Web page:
The line between a criminal act and morally objectionable behavior can be a thin one, but the space surrounding that line is ripe for theater.
The Hampton Theatre Company’s opening play of their 31st season, J.B. Priestley’s “An Inspector Calls,” makes great use of this rich territory, serving up a cautionary story of the interconnected web of humanity, disguised in a rich package of intrigue.
As the aristocratic Birling family sits down to celebrate the engagement of their daughter on an April evening in the British North Midlands in 1912, a police inspector with the improbable name of “Goole” intrudes on their festivities with the tale of a young woman, Eva Smith, who has just that night killed herself by drinking a disinfectant, burning up her insides.
Inspector Goole seems, like Peter Falk’s Columbo, to already know exactly what has happened. It’s the coaxing out of confessions, the why-did-it, that keeps the audience in suspense in this well-crafted play, which seems to have benefited from director Sarah Hunnewell’s work tightening up the script.
It turns out, we find, that every member of this little engagement party had played some role in Eva Smith’s death, and all turn in fine performances, obviously enjoying their roles.
Edward A. Brennan, as Inspector Goole, is, well, ghoulish, with a stiff neck and his hands held almost locked against his sides, a penetrating stare boring through each member of the household in turn, each in succession even more afraid as he turns his eyes to them for questioning.
The family patriarch, Arthur Birling, played with aplomb by Daren Kelly, is a stiff industrialist, with no apologies and no second thoughts for his actions in an every-man-for-himself world.
His wife Sybil, finely played with haughty indigence by Susan Galardi, also has no apologies for anything she’s done.
It’s their children, the impressionable ones, who watch in horror as the story of Ms. Smith’s short and sad life unfolds. Each of them, in turn, seems to have become a different person over the course of the evening, as they each learn how their own careless actions helped drive Ms. Smith to her death.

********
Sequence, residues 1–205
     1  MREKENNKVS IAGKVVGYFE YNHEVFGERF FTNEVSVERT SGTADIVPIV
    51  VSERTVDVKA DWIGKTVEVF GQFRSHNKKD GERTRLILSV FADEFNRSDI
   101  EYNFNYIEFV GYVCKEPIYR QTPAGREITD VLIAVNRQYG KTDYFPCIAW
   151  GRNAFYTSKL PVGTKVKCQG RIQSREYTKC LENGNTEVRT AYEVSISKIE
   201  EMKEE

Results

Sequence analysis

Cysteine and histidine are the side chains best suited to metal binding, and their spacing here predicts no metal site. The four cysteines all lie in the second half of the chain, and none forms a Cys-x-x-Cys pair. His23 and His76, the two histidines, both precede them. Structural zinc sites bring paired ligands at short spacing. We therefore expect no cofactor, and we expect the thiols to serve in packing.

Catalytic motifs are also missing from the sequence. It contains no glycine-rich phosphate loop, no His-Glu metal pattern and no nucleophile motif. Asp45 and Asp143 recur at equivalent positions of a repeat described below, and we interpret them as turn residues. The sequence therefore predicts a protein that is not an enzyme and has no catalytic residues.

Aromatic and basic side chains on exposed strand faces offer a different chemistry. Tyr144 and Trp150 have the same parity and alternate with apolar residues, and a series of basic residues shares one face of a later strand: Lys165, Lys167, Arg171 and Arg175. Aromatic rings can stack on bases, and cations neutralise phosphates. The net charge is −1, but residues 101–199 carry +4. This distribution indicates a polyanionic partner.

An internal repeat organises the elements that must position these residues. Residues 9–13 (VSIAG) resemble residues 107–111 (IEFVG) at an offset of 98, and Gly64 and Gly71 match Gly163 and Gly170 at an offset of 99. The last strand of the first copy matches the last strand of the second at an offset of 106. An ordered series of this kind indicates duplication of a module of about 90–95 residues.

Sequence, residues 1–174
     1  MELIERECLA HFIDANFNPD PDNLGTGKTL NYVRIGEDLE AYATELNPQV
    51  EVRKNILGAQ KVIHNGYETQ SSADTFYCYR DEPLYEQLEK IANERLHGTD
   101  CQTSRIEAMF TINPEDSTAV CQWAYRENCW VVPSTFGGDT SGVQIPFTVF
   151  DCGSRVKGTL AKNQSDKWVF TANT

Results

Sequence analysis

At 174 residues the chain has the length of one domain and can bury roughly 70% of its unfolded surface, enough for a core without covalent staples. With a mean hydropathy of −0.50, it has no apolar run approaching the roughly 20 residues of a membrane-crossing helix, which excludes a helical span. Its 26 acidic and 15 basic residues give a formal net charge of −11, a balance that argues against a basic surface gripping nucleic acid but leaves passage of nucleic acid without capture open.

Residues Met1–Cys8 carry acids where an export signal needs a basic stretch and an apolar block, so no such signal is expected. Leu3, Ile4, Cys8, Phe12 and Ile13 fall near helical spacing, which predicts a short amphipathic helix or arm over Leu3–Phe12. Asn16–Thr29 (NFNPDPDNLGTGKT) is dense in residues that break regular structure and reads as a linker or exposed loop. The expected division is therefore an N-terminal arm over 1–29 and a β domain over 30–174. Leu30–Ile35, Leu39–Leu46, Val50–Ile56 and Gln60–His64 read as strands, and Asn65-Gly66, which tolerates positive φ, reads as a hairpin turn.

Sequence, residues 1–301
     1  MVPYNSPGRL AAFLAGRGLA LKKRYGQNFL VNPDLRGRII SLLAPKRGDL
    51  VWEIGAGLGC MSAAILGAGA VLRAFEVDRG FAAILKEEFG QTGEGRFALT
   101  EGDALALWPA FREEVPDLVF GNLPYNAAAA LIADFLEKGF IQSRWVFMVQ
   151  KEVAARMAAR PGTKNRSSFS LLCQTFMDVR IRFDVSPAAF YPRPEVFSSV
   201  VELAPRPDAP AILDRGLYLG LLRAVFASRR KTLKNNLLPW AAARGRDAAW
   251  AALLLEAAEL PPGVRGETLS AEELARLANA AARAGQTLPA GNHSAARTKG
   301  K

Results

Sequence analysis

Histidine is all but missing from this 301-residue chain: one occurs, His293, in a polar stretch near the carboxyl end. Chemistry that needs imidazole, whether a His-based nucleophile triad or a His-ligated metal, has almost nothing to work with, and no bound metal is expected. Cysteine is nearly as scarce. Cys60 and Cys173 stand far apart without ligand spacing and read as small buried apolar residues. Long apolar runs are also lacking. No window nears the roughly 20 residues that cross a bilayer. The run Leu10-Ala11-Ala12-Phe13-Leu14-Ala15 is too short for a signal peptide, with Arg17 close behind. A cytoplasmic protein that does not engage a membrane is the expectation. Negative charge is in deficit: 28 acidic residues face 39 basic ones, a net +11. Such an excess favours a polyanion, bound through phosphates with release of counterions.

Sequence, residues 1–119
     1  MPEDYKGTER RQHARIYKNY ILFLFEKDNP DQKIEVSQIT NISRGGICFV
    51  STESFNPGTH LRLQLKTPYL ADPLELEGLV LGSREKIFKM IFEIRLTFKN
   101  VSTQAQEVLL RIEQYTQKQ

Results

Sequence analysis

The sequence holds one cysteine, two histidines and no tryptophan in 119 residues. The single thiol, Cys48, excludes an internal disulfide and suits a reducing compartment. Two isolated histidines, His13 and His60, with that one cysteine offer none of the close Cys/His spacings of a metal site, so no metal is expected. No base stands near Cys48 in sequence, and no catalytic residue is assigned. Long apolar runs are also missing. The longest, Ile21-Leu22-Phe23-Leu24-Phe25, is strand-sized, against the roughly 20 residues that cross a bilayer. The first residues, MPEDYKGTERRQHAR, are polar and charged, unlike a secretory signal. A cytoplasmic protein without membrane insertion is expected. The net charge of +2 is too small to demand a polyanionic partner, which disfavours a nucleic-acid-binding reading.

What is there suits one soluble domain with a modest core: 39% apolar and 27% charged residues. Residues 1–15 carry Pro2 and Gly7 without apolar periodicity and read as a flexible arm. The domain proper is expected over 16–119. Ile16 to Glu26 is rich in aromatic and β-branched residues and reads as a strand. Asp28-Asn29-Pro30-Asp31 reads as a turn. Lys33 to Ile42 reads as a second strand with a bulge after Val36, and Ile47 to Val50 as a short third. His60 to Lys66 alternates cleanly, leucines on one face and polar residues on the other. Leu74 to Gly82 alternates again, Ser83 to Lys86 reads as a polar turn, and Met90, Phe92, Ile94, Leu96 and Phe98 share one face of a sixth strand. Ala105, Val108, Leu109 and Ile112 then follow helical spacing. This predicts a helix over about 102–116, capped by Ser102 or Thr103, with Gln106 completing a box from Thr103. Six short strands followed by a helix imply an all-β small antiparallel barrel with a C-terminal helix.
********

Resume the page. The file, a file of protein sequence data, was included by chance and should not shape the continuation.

Sheila Birling, played by Amanda Griemsmann, seems to become a ghost herself as she learns that her careless words to a shopkeeper had a role in Ms. Smith’s death. At the start of the show, she seems a careless, flirty lass, but by the end she becomes the conscience of this sad crew.
Her new fiancé, Gerald Croft, played by Anthony Famulari, seems to age years in the telling of his role in Ms. Smith’s suicide.
Spencer Scott as Sheila’s younger brother Eric seems a carefree, wisecracking young man, but when he is revealed as a secret drunk with perhaps the largest secrets of all, his parents waste no time building a web of denial and excuses for his bad behavior.
All this intrigue and moralizing sounds heavy, but this play is really quite funny. It’s funny because of the way we can clearly see the absurdity of all of our fragile conditions through the lens of theater — and how we can all view poverty, social class, alcoholism and adultery through eyes clouded with denial when our own lives are thrown into the stakes.
The set is a great metaphor: cartoon-scale cornices hold up a house built on a lie, the doorway is like a huge coffin, oversized picture frames to the rear of the stage cast unseen ancestors’ eyes on the action, the picture above the mantel isn’t a picture at all but a huge frosted mirror, the oft-poured bottle of port on the center table overshadows the bottle of whiskey on a sideboard until the characters turn to the side when the questioning gets rough.
The curtain opens to the chorus of “Rule, Britannia.” The story, like the mighty unsinkable Titanic, which sank on the evening the events of this play took place, is that of something too big to fail, something which, in the end, couldn’t help but be a victim of its own bravado.
We know how the story of the Titanic ended, but the ending of this play is just as suspenseful a liferaft tale. It’s well worth taking in.
“An Inspector Calls” runs through Nov. 8 at the Quogue Community Hall on Jessup Avenue. Showtimes are Thursdays and Fridays at 7 p.m., Saturdays at 8 p.m. and Sundays at 2:30 p.m.